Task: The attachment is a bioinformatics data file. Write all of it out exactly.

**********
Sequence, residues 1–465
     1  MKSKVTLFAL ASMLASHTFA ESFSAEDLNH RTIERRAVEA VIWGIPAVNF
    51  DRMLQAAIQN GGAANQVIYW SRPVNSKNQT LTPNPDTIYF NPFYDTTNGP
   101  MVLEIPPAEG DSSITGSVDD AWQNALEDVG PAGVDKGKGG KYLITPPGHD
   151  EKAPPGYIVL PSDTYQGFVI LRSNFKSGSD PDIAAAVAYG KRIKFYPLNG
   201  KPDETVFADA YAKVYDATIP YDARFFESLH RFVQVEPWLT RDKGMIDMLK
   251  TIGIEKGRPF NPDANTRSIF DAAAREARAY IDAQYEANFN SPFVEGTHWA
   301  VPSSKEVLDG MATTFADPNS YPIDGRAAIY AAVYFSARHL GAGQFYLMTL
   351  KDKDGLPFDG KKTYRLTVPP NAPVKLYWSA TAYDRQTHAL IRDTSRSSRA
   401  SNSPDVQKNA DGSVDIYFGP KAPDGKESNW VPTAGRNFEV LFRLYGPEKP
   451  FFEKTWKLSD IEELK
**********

Sequence, residues 1–465
     1  MKSKVTLFAL ASMLASHTFA ESFSAEDLNH RTIERRAVEA VIWGIPAVNF
    51  DRMLQAAIQN GGAANQVIYW SRPVNSKNQT LTPNPDTIYF NPFYDTTNGP
   101  MVLEIPPAEG DSSITGSVDD AWQNALEDVG PAGVDKGKGG KYLITPPGHD
   151  EKAPPGYIVL PSDTYQGFVI LRSNFKSGSD PDIAAAVAYG KRIKFYPLNG
   201  KPDETVFADA YAKVYDATIP YDARFFESLH RFVQVEPWLT RDKGMIDMLK
   251  TIGIEKGRPF NPDANTRSIF DAAAREARAY IDAQYEANFN SPFVEGTHWA
   301  VPSSKEVLDG MATTFADPNS YPIDGRAAIY AAVYFSARHL GAGQFYLMTL
   351  KDKDGLPFDG KKTYRLTVPP NAPVKLYWSA TAYDRQTHAL IRDTSRSSRA
   401  SNSPDVQKNA DGSVDIYFGP KAPDGKESNW VPTAGRNFEV LFRLYGPEKP
   451  FFEKTWKLSD IEELK